Following up on the test of dmcache we decided to scale it up a bit, to get better proportions between RAM, SSD and HDD. So we took the dataset and made it 10 times bigger. It is now somewhere around 30GB with an average object size of 800Kbyte. In addition we made the backing store for Varnish ten times biggers as well, increasing it from 2GB to 20GB. This way we retain the cache hit rate of around 84% but we change the internal cache hit rates significantly.
The results where pretty amazing and shows what a powerful addition dmcache can be for IO intensive workloads.
The flash device for dmcache is now 4GB, giving the flash capabilities to cache a significant capabilities to cache reads as well as writes.
We’re still running XFS and the server is still limited to 1GB of memory. This should give reasonable RAM/SSD/HDD-ratios - 1/4/20.
While running the tests I paid close attention to the IO characteristics of the server. iostat -x gives you a nice view of how the IO subsystem is performing. What impressed me was to see how many read requests the SSDs were actually doing. When you subtract the number of writes to the HDD (these would be the blocks migrated from the SSD to the HDD) the number of reads on the SSD are mostly cache hits from IO operations requested by Varnish. Seeing these figures being relatively high indicates the SSD is helping out with reads quite a bit. Of course, a few of them might be internal metadata requests as well.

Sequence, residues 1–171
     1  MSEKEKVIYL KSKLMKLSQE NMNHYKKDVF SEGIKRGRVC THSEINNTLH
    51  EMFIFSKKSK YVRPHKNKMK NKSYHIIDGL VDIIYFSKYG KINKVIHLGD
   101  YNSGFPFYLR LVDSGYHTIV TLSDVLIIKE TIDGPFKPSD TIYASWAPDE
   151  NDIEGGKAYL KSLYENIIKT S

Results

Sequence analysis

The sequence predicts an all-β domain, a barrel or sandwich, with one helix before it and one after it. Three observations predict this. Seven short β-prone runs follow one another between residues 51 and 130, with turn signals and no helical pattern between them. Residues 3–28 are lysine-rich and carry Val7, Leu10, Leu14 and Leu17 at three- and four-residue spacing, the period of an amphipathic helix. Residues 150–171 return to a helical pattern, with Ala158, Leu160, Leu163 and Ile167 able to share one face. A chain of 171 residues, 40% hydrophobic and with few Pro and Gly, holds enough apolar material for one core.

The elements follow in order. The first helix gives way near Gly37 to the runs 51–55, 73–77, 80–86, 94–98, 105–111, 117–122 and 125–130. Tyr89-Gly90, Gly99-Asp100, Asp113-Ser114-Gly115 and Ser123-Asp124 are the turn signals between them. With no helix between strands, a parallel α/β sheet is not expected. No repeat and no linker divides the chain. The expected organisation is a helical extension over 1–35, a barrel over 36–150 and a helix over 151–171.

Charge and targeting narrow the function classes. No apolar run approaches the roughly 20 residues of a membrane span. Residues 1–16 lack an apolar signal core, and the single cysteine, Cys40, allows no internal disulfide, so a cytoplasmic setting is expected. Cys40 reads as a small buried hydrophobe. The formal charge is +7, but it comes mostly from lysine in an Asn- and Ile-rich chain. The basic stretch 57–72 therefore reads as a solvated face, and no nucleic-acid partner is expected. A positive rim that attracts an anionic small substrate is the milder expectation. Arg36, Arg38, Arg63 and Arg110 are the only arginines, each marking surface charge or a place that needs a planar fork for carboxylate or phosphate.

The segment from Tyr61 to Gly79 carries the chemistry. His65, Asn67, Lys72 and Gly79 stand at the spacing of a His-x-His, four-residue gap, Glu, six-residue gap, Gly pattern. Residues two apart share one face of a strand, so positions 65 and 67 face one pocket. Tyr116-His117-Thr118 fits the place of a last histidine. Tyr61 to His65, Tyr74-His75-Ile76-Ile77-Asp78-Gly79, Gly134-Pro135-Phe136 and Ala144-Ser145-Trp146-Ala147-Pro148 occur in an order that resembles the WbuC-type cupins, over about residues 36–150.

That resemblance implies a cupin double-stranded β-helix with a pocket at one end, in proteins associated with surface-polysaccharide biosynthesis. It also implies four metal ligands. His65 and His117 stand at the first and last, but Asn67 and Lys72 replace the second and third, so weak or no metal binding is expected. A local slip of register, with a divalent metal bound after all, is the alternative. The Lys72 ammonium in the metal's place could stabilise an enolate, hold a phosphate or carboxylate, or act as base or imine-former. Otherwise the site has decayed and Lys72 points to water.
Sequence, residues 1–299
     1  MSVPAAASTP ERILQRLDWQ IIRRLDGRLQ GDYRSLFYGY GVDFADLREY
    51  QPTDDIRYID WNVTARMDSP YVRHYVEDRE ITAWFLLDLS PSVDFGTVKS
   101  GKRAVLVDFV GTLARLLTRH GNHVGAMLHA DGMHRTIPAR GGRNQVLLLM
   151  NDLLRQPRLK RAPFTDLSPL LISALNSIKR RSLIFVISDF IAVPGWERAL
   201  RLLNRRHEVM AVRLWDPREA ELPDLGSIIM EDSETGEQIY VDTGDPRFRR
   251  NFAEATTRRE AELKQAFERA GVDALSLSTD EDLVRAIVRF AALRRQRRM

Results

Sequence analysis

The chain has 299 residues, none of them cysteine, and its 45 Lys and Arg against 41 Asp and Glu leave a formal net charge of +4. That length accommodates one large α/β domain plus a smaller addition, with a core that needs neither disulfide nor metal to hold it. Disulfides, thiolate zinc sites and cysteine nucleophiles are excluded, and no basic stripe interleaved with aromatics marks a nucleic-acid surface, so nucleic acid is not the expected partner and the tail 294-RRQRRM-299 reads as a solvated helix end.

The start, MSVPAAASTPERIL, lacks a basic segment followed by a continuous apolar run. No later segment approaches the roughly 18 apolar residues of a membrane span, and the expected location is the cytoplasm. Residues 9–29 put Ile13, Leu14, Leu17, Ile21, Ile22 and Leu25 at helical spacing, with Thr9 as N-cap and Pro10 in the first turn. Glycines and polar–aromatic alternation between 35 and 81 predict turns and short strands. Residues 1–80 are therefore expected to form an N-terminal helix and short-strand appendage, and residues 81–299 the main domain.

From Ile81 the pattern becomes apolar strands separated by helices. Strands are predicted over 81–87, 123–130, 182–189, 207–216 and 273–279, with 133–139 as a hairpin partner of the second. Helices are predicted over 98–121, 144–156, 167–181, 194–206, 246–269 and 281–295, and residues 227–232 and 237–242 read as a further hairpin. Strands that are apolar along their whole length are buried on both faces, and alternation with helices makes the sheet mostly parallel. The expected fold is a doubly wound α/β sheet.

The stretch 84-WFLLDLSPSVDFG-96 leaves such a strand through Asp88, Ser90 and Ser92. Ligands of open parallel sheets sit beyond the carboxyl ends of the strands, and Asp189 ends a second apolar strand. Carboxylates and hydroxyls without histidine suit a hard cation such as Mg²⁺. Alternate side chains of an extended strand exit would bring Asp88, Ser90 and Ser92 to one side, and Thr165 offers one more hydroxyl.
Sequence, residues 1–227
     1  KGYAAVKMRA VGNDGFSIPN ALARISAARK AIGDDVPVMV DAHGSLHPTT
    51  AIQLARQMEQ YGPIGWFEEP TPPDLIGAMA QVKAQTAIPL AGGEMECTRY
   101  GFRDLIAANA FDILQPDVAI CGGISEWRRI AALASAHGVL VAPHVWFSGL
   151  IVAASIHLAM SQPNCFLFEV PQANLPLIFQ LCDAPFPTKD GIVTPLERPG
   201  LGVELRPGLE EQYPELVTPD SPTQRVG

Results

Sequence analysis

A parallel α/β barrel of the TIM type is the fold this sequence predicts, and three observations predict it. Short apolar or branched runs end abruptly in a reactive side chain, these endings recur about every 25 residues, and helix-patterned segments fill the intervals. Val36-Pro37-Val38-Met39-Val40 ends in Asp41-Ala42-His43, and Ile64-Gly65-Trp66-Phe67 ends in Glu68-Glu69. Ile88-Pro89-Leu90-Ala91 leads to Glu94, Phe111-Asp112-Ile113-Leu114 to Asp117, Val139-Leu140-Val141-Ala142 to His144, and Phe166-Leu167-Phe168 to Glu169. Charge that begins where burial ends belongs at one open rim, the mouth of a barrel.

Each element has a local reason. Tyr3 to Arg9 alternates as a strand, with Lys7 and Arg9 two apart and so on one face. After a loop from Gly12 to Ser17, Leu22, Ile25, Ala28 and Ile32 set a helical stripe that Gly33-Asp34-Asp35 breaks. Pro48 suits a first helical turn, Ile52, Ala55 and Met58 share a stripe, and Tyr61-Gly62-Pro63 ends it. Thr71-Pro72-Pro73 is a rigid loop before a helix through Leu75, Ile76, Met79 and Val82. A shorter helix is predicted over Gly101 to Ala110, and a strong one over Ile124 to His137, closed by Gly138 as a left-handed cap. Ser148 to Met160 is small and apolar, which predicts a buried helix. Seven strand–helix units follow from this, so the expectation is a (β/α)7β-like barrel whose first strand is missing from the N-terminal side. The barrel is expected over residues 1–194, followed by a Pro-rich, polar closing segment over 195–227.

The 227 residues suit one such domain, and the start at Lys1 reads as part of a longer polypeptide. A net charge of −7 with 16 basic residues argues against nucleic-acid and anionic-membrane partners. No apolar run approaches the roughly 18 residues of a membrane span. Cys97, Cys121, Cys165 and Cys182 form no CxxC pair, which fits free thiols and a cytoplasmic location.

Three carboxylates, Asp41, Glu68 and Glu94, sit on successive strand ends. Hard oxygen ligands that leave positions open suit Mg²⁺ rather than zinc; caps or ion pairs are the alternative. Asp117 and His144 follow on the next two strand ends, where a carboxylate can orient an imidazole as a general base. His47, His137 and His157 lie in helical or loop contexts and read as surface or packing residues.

In the screen shot sda is the flash drive I'm using. sdb is the hdd currently being tortured. dm-0 through 3 are the various devicemaps which are setup, you can ignore those here.
In addition there are of course many reads which are being served by the page cache. These are mostly for the really hot content, which gets pegged in memory.
When running the same tests with dmcache disabled the server was struggling hard. We had quite a few requests failing due to timeouts as the IO system very quickly became swamped, being asked to perform hundreds of IO-bounds requests in parallel.
As you can see the flash drive helps a lot initially. As the drive fills up performance is somewhat reduced. However, it does stabilize at a much higher level than the HDD. With the flash drive the server is pushing around 120Mbit whereas it only manages around half without dmcache enabled.
We're working together with a CDN customer to try to test this on a real world benchmark with VOD workloads. Hopefully we'll be able to provide some more insight on how these tests went. I'm expecting great results. Stay tuned.